Stable isotope chemistry reveals plant-dominant diet among early foragers on the Andean Altiplano, 9.0–6.5 cal. ka
Jan 24, 2024 ‖ Current models of early human subsistence economies suggest a focus on large mammal hunting. To evaluate this hypothesis, we examine human bone stable isotope chemistry of 24 individuals from the early Holocene sites of Wilamaya Patjxa (9.0–8.7 cal. ka) and Soro Mik’aya Patjxa (8.0–6.5 cal. ka) located at 3800 meters above sea level on the Andean Altiplano, Peru.
Jan 24, 2024 ‖ The oft-used description of early humans as “hunter-gatherers” should be changed to “gatherer-hunters,” at least in the Andes of South America, according to groundbreaking research led by a University of Wyoming archaeologist.
Winter 2024 ‖ What if you could open a time capsule left by Wyoming's first coal miners? In a way, that's exactly what University of Wyoming Department of Anthropology Associate Professors Alexandra Kelly and Jason Toohey are doing in Carbon City, Wyoming's first coal mining town, which was established in1868 near Medicine Bow.
July 21, 2023 ‖ Bree Doering is still processing the news that she is the first University of Wyoming anthropologist to receive one of the most prestigious National Science Foundation (NSF) grants.
July 1, 2023 ‖ For decades, scientists have believed that early humans had a division of labor: Men generally did the hunting and women did the gathering. And this view hasn't been limited to academics. It's often been used to make the case that men and women today should stick to the supposedly "natural" roles that early human society reveals.
May 19, 2022 ‖ Archaeological excavations led by Wyoming’s state archaeologist and involving University of Wyoming researchers have confirmed that an ancient mine in eastern Wyoming was used by humans to produce red ocher starting nearly 13,000 years ago.
UWs Toohey, Murphy Receive NSF Grant to Study Archaeological Evidence of Economic Inequality in Peruvian Andes
January 24, 2022 ‖ Two University of Wyoming anthropology professors recently received a five-year National Science Foundation (NSF) grant to conduct archaeological research in the northern Peruvian Andes focused on understanding the origins and development of economic inequality in emerging complex societies.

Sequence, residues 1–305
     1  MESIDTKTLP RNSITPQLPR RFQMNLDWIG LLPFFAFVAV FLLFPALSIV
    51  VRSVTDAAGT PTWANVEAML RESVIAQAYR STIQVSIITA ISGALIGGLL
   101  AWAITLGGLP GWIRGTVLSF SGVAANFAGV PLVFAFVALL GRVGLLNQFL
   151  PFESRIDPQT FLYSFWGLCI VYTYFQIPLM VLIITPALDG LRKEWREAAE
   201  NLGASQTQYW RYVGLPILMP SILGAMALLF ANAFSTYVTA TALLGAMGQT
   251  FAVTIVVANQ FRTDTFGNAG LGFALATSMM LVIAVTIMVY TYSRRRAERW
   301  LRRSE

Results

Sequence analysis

May 15, 2020 ‖ Of all that she has accomplished as a University of Wyoming undergraduate, Christie Wildcat, from Riverton, says having a statewide initiative supported by Gov. Mark Gordon proclaiming May 5 as Missing and Murdered Indigenous Women and Girls’ Day is her biggest achievement.
March 26, 2020 ‖ A University of Wyoming professor of anthropology has received a National Science Foundation (NSF) grant to investigate humans’ adaptation to environments during the ice age. Specifically, Todd Surovell will be studying how Clovis people lived at the La Prele Mammoth site near Douglas in Converse County.
October 08, 2019 ‖ Rural communities in Iceland are more similar to Wyoming’s than you think, according to the University of Wyoming’s Pamela Innes.
September 25, 2019 ‖ Pat Neill believes in coincidences and, recently, that belief was rewarded.
August 21, 2018 ‖ Everyone loves a good mystery, especially if it’s eventually solved. That’s where University of Wyoming Department of Anthropology Professor Todd Surovell needs help.
September 11, 2017 ‖ Robert L. Kelly, a University of Wyoming professor of anthropology, recognized internationally as a leading researcher in anthropology, has been selected to receive an Alexander von Humboldt Research Foundation Award.